Our modern reaction to famine in other countries is to send relief aid and “keep them in our prayers”. This probably saves a few lives (at least in countries where the government isn’t stealing the aid), but treats the symptom, not the disease. You will continue to see famine in country after country until we change this “we sympathize” tune we sing into an accusation of incompetence against the government causing the problem, even our own (especially our own). Some, for example, are taking the World Bank to task, claiming it created policies that encourage governments to create famine. This is a step in the right direction, but a better step would be to also blame the governments themselves.

Art “Four Horsemen: Famine” by Greyskin666.

I’ll alter the bait

Seeing samaBlog tackle an office pool of 2008 predictions from the New York Times, I thought I’d do the same. The only thing is, I think many of the choices suck. So I’m going to answer free-form. Also, I’ll not repeat the questions or choices, so you’ll need to follow along in one of the links above:

  1. The SEC does not allow me to answer this question.
  2. No Country for Old Men
  3. Portions of either the DCMA or the Patriot Act are un-Constitutional. Preferably both.
  4. Tree of Smoke.
  5. The World Without Us.
  6. …services offering media without access control financially crush those that require DRM, and find that “old media” sales (CDs, DVDs) for such “open” titles actually increase as well.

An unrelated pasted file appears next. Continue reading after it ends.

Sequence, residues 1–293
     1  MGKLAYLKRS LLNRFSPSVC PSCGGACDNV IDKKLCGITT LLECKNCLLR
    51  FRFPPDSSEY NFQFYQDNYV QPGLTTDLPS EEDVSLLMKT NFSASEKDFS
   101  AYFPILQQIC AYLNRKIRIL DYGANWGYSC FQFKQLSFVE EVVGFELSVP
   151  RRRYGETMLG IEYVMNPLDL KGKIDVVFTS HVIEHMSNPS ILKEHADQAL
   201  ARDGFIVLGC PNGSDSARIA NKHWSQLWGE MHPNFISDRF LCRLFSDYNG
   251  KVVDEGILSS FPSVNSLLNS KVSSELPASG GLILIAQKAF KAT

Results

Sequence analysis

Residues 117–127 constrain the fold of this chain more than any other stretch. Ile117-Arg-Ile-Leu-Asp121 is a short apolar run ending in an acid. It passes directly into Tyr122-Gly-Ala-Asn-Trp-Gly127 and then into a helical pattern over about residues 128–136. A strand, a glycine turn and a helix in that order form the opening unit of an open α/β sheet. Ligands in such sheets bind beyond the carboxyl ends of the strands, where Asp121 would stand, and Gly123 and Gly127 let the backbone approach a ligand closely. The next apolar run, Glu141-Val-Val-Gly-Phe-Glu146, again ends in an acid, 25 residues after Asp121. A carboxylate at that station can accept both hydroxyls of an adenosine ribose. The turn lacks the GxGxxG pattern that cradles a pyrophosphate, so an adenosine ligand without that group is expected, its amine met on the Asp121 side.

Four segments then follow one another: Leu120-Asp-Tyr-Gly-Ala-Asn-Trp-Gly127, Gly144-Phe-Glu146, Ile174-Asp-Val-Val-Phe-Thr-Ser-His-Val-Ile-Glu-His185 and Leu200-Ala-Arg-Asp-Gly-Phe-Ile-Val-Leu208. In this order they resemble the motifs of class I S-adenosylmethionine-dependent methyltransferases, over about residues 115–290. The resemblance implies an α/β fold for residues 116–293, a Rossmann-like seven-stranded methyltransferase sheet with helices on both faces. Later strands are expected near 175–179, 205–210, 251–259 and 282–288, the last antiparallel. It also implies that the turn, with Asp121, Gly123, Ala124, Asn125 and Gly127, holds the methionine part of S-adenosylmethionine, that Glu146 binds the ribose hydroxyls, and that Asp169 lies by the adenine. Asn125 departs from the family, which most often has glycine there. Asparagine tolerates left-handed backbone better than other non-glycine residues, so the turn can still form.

7. …the 50 trillion dollar shortfall that will fiscally destroy America pretty soon will continue to be unmentioned.
  8. Pervez Musharraf.
  9. Cuba.
  10. …hell freezes over.
  11. …whichever of them happens last. I might even care by then.
  12. …slightly higher than it is now. Also, October and November will be bloody, as the insurgency attempts to influence the U.S. Presidential election.
  13. …roughly equivalent to shuffling deck chairs on the Titantic, as it will be something other than the only one that actually matters (see answer #7).
  14. …something very loud but, ultimately, not important that skews the results of one or more party’s nominations. In the actual election, the standard advantages of height, hair and the “beer factor” will turn out to not play a role.
  15. Hillary Clinton-Robert “Bob” Kerrey
  16. …almost certainly a pair for whom I will not vote.
  17. “Anyone but Bush”. This theme will likely be just as disastrous as the soccer-mom “I just think it’s time for a change” theme that brought Bush to power was. Alternately, the winning theme may be the real lesson learned in the 2000 election: “I can rig election results better than you”.